The door to the heart | Source: Unsplash



We all expect those magical words to immediately change our relationships, to take them up to the next level, to mean "forever," when sometimes all they mean (when your beloved says it back casually) is "I like you, I enjoy you, let's see where it goes." In German people say "Ich liebe dich” when they mean "I love you," but will often drop a casual "Ich liebe die Liebe."

Love and marriage | Source: Unsplash


The "Ich liebe die Liebe" implies that the speaker is as much in love with love as with his or her current partner, and is a charming way to duck an "I love you" they are not ready to commit to. Simple words will not deepen intimacy, shared experience, and trust do. We have to put in the work if we want the perks. Dr. Dvornyk advises us to ask ourselves:

"Is it just an expression of feelings or an expectation of some kind of action from a partner? Expectations can greatly distort the real moment of interaction."

Love forever | Source: Unsplash


Dvornyk believes that there is a distinct difference between how men and women view the words "I love you." According to Dr. Dvornyk, the more masculine the personality, the less easy it is to express emotion, and the longer they will take to express them She explained:

"The more feminine the partner is (most often we are talking about women), the easier it is for him/her to be involved in the communication of affection - to show and name his/her feelings."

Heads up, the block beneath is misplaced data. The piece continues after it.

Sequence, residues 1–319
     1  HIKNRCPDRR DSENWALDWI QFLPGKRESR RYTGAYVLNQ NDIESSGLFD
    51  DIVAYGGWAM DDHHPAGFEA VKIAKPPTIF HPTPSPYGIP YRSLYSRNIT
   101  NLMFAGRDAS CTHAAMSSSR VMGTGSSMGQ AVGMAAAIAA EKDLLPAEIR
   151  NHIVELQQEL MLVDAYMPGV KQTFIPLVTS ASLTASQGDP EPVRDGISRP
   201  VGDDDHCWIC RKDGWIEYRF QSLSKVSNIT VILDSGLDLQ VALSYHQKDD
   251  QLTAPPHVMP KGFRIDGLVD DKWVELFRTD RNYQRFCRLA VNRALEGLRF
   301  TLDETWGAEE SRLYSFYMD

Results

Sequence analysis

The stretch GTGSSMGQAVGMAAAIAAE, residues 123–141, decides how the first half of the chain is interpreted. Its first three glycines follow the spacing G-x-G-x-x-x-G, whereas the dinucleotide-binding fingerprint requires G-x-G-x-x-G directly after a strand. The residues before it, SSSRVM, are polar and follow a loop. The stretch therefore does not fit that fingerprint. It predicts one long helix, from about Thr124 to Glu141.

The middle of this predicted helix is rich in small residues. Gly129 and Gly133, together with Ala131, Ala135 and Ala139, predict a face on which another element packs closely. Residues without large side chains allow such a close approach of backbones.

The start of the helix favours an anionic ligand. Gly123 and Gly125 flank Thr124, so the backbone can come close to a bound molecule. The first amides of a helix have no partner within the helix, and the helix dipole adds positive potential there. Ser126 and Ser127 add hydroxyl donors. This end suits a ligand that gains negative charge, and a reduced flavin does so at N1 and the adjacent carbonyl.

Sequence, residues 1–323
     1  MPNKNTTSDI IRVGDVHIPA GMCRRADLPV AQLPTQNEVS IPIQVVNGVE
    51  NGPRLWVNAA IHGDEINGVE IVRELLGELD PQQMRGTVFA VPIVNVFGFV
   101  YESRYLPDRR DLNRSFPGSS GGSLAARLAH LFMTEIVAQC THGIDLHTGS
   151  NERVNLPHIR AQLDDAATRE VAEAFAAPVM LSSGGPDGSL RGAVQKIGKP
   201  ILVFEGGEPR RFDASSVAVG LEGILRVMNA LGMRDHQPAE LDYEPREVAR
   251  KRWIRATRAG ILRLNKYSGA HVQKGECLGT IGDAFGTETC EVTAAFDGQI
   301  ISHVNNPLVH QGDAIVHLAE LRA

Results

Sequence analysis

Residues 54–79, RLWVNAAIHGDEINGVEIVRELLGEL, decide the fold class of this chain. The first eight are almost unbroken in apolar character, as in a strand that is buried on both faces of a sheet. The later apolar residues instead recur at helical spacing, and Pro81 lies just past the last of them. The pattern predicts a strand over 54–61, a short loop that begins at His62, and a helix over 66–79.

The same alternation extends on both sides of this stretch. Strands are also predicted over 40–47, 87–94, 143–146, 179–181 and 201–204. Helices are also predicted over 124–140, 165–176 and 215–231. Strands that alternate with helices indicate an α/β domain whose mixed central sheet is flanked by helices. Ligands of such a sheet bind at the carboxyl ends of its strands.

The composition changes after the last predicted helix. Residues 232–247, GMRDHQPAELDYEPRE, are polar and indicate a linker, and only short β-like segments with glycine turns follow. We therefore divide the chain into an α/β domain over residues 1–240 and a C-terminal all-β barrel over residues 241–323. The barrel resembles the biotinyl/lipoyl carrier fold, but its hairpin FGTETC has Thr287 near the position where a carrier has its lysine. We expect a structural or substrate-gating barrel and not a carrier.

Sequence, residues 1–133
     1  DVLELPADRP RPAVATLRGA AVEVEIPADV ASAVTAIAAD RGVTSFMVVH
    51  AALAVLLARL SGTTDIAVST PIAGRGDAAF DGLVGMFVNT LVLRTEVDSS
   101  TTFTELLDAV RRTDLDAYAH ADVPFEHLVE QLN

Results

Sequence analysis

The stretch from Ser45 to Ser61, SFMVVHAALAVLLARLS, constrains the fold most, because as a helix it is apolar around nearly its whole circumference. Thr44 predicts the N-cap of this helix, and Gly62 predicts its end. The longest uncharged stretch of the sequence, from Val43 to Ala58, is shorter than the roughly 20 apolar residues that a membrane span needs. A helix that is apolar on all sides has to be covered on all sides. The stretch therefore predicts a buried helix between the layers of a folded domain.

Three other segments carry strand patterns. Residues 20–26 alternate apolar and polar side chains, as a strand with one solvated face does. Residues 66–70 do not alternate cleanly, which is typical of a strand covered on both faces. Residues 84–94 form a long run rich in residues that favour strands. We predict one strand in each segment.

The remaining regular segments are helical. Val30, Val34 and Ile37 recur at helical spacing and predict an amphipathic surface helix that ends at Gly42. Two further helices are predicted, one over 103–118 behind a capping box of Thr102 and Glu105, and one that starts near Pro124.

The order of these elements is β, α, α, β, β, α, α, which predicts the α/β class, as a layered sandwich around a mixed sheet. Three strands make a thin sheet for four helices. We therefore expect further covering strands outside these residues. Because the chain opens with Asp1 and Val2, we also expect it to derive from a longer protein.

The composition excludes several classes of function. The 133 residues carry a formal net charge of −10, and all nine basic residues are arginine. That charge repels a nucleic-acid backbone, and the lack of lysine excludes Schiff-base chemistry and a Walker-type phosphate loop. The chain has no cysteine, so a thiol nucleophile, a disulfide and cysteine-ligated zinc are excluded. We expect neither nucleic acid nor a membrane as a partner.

Masculine personalities will be more reluctant, or perhaps even incapable of using emotionally charged words to express their feelings, and some may even see those "I love yous" as attempts at emotional blackmail or manipulation.


Pulling away | Source: Unsplash


Few moments can be as crushing to the ego as joyfully declaring our love and having that romantic moment fall flat when our beloved doesn't answer, or even worse, rebuffs us, then cuts and runs. This is why Dr. Dvornyk advise us to make sure, as far as it's possible, that the person we are declaring ourselves to feels the same way, and understands the feelings we are expressing: 


"Find out the experience of the previous relationship of the partner. What meaning does he/she put into this phrase? Does it seem manipulative or super-significant to him/her?"

We like you too | Source: Unsplash



"I love you too, but" must surely be the most devastating words we can hear from someone we are in love with. It is a classic "Get Out of Jail" card, which allows the object of our affection to extricate themselves from the awkward, and embarrassing situation we've put them in. No, they do not love us "too," and they are definitely not ready to take what they probably thought was a fun and short-term relationship to the next level -- or any level. Dr. Dvornyk advises:

"Be prepared for the fact that the partner does not respond in kind. Give him/her the opportunity to postpone, or show his/her affection in a different form." 


Rejection | Source: Unsplash


No matter how passionately in love we might be, we should wait. If our partner has shown no signs of commitment, spoken about a long term future, or involved us in his life beyond strictly one-on-one dates, wait. Walk, don't run, and preferably they should say it first

Real love -- the reciprocal, mature, lasting kind -- is definitely waiting for, so let's stop wasting our time and our hearts on people who don't want commitment, and definitely don't deserve the love we have to give. Expect more, and we get more.